In Ewing Township, N.J., Lynn Developers, LLC, planned to close tax-exempt bond financing for Ewing Independent Living in December 2007, right after it took out an interim loan and started work. Then tax credit prices tanked and interest rates spiked. It took nearly a dozen funding sources to fill the hole in the project's budget. Enterprise Community Investment, Inc., finally bought the project's tax credits $0.98 on the dollar, plus losses, in January, when the project was nearly finished and ready to lease.

Affordable housing can be preserved even without low-income housing tax credits. A taxable bond mortgage and the $6.4 million sale in January of state and federal historic tax credits to Massachusetts Housing Investment Corp. paid for the rehab of Schoolhouse Kenilworth Williams in Boston's Dudley Square neighborhood. Madison Park Development Corp. and Edward A. Fish Associates acquired the 38 apartments from the Department of Housing and Urban Development in 2008.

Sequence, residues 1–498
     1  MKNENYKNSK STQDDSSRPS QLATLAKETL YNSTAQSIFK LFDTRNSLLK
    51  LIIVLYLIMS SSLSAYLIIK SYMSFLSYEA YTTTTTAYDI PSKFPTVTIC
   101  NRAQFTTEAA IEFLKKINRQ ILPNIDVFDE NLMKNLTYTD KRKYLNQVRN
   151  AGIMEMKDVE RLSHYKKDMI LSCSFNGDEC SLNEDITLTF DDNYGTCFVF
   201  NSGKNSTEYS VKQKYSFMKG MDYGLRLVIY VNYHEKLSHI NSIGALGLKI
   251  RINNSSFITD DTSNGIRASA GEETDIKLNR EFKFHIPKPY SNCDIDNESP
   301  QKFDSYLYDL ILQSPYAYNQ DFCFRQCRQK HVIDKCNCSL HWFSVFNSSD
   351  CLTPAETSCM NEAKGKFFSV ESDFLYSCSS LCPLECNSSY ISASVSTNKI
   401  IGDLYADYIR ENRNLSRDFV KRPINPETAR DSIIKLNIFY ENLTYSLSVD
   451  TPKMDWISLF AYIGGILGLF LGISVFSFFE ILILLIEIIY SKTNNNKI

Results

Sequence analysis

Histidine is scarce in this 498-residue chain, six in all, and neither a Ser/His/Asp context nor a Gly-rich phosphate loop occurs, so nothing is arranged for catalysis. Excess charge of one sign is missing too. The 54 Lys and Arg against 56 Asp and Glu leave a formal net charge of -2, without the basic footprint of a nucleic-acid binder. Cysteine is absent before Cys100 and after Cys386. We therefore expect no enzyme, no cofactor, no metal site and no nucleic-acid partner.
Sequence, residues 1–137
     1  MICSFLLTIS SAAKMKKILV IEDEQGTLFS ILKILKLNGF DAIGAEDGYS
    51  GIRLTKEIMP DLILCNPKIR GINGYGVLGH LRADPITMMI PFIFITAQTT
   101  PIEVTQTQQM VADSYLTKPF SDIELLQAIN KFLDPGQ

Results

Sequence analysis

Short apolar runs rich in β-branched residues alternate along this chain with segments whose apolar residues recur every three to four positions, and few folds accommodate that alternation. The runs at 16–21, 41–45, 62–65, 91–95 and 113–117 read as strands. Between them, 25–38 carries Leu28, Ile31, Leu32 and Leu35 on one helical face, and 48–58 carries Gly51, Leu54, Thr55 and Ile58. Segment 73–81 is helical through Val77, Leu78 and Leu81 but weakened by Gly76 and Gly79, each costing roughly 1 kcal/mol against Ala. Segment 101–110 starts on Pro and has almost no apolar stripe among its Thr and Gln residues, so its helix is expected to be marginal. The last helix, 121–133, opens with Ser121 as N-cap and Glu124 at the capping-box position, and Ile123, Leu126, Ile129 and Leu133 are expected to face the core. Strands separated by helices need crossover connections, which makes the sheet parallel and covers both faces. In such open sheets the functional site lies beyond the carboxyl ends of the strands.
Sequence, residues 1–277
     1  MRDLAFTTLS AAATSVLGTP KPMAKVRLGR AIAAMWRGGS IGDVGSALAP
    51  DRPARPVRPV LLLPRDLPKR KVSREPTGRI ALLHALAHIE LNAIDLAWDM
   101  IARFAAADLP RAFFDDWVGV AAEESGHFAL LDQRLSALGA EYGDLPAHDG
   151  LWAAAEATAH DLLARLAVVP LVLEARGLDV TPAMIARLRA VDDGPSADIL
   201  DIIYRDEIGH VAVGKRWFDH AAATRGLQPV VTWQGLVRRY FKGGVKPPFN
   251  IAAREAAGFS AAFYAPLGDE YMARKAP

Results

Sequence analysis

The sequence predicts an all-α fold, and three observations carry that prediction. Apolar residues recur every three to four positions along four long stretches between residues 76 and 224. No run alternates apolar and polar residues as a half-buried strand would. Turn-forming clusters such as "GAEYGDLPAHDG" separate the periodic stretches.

The Park Terrace Congregate Apartments in Southport, N.Y. (pop. 7,300), features 32 affordable apartments. In June, WNC & Associates paid $2.8 million for the tax credits—or $0.69 per dollar of tax credit. That's down from an anticipated $0.84 price for the $5.5 million project. The Genesee Valley Rural Preservation Council, Inc., filled the hole in its budget by applying for supplemental tax credits.

Enterprise Community Investment, Inc., paid $13.4 million for the tax credits from St. John's the Evangelist House in Philadelphia in April. That's $0.78 per dollar of tax credits, even though the high-rise, single-room-occupancy, supportive-housing project planned to be built on leased land is exactly the kind of complicated deal many investors now shy away from. “This project enjoys amazing support on every level,” explains Tom Eastman, vice president of tax credit syndication for Enterprise.